Tuesday, October 25, 2016

PowerPoint: For More than Presentations

This post originally appeared on FTIS EdTech

Integrating Technology into Vocabulary Lessons

This post was originally published on FTIS Edtech


For a number of years we have been using "Best Practice" strategies developed by Robert Marzano to help students graphically organize their work and organize their thinking so that they can retain information at higher levels.  

When it comes to teaching vocabulary, researched, Best Practices, from Marzano include the following strategies: 
  1. Provide a description, explanation, or example of the new term.
  2. Ask students to restate the description, explanation, or example in their own words.
  3. Ask students to construct a picture, pictograph, or symbolic representation of the term.
  4. Engage students periodically in activities that help them add to their knowledge of the terms in their vocabulary notebooks.
  5. Periodically ask students to discuss the terms with one another.
  6. Involve students periodically in games that enable them to play with terms.
To target these strategies, many teachers use a weekly format of having students fill in graphic organizers that include the above listed strategies, study and test over vocabulary.  

We can easily incorporate these same strategies into every day practice using technology.  In considering use of technology, we can frame that in reference to the SAMR model and the revised Bloom's Taxonomy.


At the Substitution/Remembering level of Bloom's Taxonomy, The Chegg Flashcard app is a great way to have students create decks of flashcards to study.

See how to use it in this tutorial.

 Augmentation/Applying & Analyzing

Students can use technology at the SAMR Augmentation level to apply and demonstrate analysis of vocabulary words through Marzano strategies: 

3. Ask students to construct a picture, pictograph, or symbolic representation of the term. 
4. Engage students periodically in activities that help them add to their knowledge of the terms in their vocabulary notebooks.

Students have a number of ways they can create visual representations of vocabulary words.  There are some great apps they can use for drawing and creating images.  When working with images and doing image searches, students should be mindful of using images that are Creative Commons licensed. The best way to find images that are safe for us to use, is through our subscription to Britannica Image Quest.  If students are using this at school, it will automatically log them in. If students are not at school, they will need to get the username and password from the librarians.  Students can download images to their devices, or take a quick screenshot.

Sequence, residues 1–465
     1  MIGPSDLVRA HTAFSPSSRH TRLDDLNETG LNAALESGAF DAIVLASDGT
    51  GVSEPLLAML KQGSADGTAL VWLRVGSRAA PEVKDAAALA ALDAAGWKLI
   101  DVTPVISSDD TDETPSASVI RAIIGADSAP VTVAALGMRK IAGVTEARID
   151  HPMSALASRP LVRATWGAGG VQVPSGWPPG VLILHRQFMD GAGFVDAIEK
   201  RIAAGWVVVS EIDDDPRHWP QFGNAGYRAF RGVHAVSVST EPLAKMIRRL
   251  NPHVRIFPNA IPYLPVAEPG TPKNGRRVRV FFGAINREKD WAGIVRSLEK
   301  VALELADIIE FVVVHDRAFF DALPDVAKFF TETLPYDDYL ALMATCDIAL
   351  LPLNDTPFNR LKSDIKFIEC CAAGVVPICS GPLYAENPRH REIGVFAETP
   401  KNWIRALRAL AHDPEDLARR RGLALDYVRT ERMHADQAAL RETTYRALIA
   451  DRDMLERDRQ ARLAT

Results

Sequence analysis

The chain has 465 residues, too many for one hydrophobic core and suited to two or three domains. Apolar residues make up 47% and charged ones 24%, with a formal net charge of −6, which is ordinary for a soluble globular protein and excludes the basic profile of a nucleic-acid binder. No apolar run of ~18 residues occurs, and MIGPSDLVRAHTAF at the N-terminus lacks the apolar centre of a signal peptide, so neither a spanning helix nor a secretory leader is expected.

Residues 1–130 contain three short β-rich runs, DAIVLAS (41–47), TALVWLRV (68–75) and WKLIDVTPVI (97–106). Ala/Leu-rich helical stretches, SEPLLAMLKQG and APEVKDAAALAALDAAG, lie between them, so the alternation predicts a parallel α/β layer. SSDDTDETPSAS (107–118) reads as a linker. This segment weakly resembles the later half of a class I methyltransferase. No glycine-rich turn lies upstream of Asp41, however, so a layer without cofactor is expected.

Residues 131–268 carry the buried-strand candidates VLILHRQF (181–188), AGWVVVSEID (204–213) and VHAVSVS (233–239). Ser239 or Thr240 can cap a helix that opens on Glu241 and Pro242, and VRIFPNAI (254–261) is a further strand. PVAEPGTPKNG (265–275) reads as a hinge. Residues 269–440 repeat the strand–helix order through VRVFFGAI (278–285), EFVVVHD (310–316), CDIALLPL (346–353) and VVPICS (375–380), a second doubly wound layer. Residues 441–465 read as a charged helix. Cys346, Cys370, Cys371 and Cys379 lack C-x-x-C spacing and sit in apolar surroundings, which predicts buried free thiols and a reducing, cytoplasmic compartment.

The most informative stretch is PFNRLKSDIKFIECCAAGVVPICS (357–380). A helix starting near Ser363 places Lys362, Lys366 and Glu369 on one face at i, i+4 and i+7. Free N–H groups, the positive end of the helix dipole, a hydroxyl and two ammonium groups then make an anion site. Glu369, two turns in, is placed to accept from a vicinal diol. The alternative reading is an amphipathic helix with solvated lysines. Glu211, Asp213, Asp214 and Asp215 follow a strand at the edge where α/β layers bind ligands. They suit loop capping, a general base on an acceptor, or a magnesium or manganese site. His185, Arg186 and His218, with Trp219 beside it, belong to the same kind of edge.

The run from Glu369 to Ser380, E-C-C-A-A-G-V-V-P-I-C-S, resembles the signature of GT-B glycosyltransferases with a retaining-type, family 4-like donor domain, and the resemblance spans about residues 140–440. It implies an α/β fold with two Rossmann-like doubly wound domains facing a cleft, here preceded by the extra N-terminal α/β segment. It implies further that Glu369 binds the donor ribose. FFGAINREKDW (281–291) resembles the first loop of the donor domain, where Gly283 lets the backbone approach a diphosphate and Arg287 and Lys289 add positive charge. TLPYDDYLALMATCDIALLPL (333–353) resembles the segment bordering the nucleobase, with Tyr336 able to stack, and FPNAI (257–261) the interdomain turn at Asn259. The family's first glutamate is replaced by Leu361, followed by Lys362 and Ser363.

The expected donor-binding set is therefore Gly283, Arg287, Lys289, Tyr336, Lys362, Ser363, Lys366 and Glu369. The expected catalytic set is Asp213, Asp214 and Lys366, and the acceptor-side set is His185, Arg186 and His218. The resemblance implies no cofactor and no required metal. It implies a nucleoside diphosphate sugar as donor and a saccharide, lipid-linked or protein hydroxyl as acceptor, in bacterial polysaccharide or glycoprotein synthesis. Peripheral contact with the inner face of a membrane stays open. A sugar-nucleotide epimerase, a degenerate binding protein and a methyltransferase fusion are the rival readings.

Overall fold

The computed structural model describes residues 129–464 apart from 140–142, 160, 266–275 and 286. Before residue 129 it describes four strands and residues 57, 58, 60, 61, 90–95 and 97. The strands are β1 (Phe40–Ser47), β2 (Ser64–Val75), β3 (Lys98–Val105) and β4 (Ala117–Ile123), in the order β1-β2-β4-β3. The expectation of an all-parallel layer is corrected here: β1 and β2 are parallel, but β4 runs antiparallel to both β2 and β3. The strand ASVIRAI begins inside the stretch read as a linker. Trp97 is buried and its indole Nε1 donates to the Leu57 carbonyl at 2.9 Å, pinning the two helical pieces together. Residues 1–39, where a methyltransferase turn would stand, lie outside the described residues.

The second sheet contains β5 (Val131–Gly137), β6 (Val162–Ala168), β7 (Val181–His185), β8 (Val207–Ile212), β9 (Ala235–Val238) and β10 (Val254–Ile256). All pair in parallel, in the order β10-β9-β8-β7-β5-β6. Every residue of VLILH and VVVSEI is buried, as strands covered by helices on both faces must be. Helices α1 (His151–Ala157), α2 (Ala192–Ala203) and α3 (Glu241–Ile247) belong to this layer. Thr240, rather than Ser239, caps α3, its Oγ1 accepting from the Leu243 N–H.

Two apps you might want to try out for creating visual representations of vocabulary words are PicCollage Kids and IPEVO.

PicCollage Kids
Students can create vocabulary posters in PicCollage Kids that includes images that represent the words, text for definitions in their own words or sentences that use words, and even stickers that might add to the meaning in some way.

Have students share their word posters in Vocabulary Discussions on Schoology, or AirPlay and present to the class.  

If you're unfamiliar with PicCollage Kids, this video will give you a good overview.
IPEVO is a whiteboard app that allows for students to create simple drawings, insert and annotate pictures and create recordings.  Students who are visual and auditory learners could benefit from using this app by creating a visual representation of the word and then record discussing it.

These recordings could be shared with the class through AirPlay, in small groups, or again, through Schoology Discussions.

IPEVO Basics


Modification/Applying, Analyzing & Evaluating
For Modification level activities that allow students to not only apply their understanding of the vocabulary words but also work towards more collaboration and even evaluating their understanding, students can make use of tools like PowerPoint and Superhero Comic Book Maker.

PowerPoint Study Decks

PowerPoint can be used for much more than a presentation tool.  Students can use it to engage in all of the Marzano vocabulary strategies through an Interactive Notebook concept.  You can find out more about how to use the Interactive Notebook strategy PowerPoint: More than a Presentation Tool. You can find the template for the Vocabulary Interactive Notebook in the FTIS EdTech Schoology Group or as a file available for download here.

Using PowerPoint graphic organizer templates based on Marzano strategies, students can add text boxes or handwritten notes of definitions, synonyms and sentences.  They can import pictures, videos that review the words and through add-ins, create their own multiple choice quizzes.

Check out how to use the PowerPoint Add-In for creating Multiple Choice Quiz checks below:

See how to access the notebooks on our Schoology Group here:

As a differentiation strategy, students can create "Study Decks" for other students and share with the PowerPoint share feature - or on a Schoology Discussion.

Students can also collaborate on a study deck by inviting other students to edit using the "Invite People" icon.

Superhero Comic Book Maker
To really have students engage in using the vocabulary in context to demonstrate their learning, students could write an original story in panels and include audio recordings with Superhero Comic Book Maker.

Have students use the drawing tools or the letter stickers to spell out the vocabulary word they are featuring in the panel or the scene of the storyWhen they are finished with each scene, they can put the scenes together into a video.  See the how to video below for an overview of how it works.

See how this app works here:


Those are just a few of the ways that you can integrate technology into student vocabulary work with an eye on Marzano's best practices.  In what ways do you use technology with vocabulary?